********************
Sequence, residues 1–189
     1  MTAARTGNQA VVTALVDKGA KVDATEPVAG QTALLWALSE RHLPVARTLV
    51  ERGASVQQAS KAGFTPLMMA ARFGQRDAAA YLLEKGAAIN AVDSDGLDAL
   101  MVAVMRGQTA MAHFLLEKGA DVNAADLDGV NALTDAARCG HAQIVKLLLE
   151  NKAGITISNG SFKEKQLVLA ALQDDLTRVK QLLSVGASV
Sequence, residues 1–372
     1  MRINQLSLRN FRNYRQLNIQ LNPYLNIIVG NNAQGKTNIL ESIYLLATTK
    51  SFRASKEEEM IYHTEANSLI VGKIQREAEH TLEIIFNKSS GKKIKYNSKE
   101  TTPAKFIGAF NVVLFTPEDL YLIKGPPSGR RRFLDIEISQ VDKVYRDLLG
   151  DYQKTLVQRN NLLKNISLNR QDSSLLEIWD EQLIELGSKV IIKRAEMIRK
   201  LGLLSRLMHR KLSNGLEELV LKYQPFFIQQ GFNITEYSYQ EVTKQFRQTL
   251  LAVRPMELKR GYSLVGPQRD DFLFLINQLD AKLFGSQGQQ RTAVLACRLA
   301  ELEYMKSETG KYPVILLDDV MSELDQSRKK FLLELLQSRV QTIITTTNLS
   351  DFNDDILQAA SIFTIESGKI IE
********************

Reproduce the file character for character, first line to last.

Sequence, residues 1–189
     1  MTAARTGNQA VVTALVDKGA KVDATEPVAG QTALLWALSE RHLPVARTLV
    51  ERGASVQQAS KAGFTPLMMA ARFGQRDAAA YLLEKGAAIN AVDSDGLDAL
   101  MVAVMRGQTA MAHFLLEKGA DVNAADLDGV NALTDAARCG HAQIVKLLLE
   151  NKAGITISNG SFKEKQLVLA ALQDDLTRVK QLLSVGASV
Sequence, residues 1–372
     1  MRINQLSLRN FRNYRQLNIQ LNPYLNIIVG NNAQGKTNIL ESIYLLATTK
    51  SFRASKEEEM IYHTEANSLI VGKIQREAEH TLEIIFNKSS GKKIKYNSKE
   101  TTPAKFIGAF NVVLFTPEDL YLIKGPPSGR RRFLDIEISQ VDKVYRDLLG
   151  DYQKTLVQRN NLLKNISLNR QDSSLLEIWD EQLIELGSKV IIKRAEMIRK
   201  LGLLSRLMHR KLSNGLEELV LKYQPFFIQQ GFNITEYSYQ EVTKQFRQTL
   251  LAVRPMELKR GYSLVGPQRD DFLFLINQLD AKLFGSQGQQ RTAVLACRLA
   301  ELEYMKSETG KYPVILLDDV MSELDQSRKK FLLELLQSRV QTIITTTNLS
   351  DFNDDILQAA SIFTIESGKI IE